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Fig fruit

What is fig

The fig is a tree belonging to the Moraceae family, with a short trunk and heights between three and ten meters. The trunk is robust and with a rigid bark, while the branches are weak and contain wrinkled and soft leaves. The fig is a plant of Asian origins and is currently cultivated in the warm areas of the planet, with a good presence in the Mediterranean. In Italy the most important crops are located in the south, especially in Calabria, Campania and Sicily. The fig is extremely cold, presenting a high risk of death in sub-zero temperatures. There are two different botanical species of fig: the male plant, that is the individual that produces the pollen but with inedible fruits; the female plant, or the producer of the seeds contained within the fruits.


The fruit of the fig is actually a false fruit. It is, in fact, an infructescence of considerable size, with a shape similar to that of the pear and can take on a color ranging from green to black. Inside this false fruit are contained small unisexual flowers. The fig is mainly composed of water, but the presence of sugars and fibers is high inside. The sugars make its taste sweet and very particular. The harvesting period begins in late spring and lasts for the entire duration of the summer. The ripening of the fruit continues even after the harvest and, precisely for this reason, it is an easily perishable fruit, which must be consumed within a few days, especially if without a stalk.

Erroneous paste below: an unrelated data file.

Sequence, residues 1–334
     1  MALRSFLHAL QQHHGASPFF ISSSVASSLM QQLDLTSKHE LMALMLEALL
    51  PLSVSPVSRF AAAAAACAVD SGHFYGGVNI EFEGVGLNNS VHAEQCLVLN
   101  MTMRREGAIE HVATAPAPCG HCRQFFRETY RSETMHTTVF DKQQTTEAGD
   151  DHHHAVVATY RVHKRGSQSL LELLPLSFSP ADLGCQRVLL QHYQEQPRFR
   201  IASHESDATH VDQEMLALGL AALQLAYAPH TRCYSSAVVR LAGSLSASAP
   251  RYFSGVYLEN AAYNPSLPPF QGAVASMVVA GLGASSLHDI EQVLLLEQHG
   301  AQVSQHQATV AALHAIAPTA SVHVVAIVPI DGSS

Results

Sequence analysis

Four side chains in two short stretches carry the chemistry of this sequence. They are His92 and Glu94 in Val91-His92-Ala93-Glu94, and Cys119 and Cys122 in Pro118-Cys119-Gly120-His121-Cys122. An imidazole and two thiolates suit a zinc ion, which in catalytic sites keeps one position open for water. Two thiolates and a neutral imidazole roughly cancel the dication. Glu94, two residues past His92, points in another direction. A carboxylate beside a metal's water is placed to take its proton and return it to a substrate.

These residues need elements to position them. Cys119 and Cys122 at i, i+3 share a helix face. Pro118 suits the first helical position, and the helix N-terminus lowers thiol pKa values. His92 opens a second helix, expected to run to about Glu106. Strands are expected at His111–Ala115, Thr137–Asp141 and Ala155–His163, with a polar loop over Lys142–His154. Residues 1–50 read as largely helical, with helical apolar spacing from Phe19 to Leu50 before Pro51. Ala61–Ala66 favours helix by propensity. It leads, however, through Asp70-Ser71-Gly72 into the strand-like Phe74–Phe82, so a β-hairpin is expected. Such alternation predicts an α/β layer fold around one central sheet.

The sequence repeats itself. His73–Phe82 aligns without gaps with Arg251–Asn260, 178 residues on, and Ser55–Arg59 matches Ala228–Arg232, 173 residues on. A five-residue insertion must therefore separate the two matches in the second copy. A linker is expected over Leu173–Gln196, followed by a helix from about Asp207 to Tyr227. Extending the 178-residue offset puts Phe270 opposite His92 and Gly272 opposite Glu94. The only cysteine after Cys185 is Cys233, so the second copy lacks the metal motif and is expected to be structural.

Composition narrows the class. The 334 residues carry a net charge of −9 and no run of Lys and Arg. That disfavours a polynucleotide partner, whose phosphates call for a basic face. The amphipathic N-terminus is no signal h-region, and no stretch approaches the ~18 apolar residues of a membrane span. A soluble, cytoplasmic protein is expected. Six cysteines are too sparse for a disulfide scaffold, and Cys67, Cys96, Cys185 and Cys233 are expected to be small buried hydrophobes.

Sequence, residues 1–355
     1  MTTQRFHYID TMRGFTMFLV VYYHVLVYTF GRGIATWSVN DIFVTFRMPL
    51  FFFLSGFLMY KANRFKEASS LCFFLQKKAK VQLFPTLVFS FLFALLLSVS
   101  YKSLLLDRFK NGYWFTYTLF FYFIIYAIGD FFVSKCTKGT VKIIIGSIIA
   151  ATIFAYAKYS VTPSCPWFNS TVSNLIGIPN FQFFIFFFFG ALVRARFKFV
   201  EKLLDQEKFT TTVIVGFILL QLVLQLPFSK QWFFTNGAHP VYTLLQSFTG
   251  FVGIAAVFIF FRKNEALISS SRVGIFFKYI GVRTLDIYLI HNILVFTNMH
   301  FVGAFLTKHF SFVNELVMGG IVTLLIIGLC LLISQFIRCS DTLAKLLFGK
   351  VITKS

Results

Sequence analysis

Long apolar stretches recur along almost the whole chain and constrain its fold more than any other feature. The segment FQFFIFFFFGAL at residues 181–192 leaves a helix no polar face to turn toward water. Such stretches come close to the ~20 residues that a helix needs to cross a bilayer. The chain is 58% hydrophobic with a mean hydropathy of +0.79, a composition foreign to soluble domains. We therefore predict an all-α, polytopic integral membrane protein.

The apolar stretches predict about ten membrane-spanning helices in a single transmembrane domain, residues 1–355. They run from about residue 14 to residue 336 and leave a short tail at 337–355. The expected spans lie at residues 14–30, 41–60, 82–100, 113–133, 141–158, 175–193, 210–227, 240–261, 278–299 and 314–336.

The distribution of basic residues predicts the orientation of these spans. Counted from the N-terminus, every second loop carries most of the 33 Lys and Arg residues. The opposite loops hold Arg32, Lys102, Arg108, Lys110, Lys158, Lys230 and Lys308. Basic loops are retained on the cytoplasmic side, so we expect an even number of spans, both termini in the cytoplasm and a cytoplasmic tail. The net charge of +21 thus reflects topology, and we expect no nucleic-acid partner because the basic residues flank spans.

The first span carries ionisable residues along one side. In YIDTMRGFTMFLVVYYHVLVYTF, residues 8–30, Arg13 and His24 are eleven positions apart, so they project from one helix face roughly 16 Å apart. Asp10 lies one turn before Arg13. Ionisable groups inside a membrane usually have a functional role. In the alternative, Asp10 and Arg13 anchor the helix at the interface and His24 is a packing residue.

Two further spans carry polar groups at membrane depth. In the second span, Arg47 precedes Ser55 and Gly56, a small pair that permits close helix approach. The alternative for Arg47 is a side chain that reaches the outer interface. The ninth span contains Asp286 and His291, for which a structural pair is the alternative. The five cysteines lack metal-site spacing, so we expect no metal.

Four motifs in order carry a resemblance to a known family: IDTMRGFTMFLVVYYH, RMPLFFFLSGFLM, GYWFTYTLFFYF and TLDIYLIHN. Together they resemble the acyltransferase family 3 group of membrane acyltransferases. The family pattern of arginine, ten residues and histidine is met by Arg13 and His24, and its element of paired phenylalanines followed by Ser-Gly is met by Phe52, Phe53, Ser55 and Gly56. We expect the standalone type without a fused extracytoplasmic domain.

The properties of the fig


The fig is a highly energetic fruit, containing about fifty calories for every hundred grams, of which 11% of carbohydrates, 1% of proteins and a practically absent presence of fats (just 0.2%). The fig also contains good amounts of vitamin A, iron, potassium and calcium. In addition to having excellent nutritional powers, the fig stands out for its anti-inflammatory, digestive and mineralizing properties. Its use is recurrent to prepare compresses against inflammation of various types.The latex present inside the fruit contains good caustic properties, proving to be excellent for fighting warts. Abundant intakes of figs can cause laxative effects, even if not excessive, given the presence of numerous fibers and due to its particular stickiness.

Fig fruit: The dried fig


In the month of August it is customary to dry the figs. For a correct drying, it is necessary that the fig is perfectly ripened, selecting only those of the best quality. Subsequently it is necessary to expose the fruits to the sun using special wooden boards and varying the side of exposure daily. Once drying is complete, the figs are baked for a few minutes at medium temperatures and removed as soon as they reach a golden color. Dried figs can be stored and consumed even after several months from drying and retain a sweet taste, in addition to the aforementioned nutritional properties contained in the fruit. The major Italian productions of dried figs are located in Tuscany, Sicily, Campania, Calabria and Puglia.

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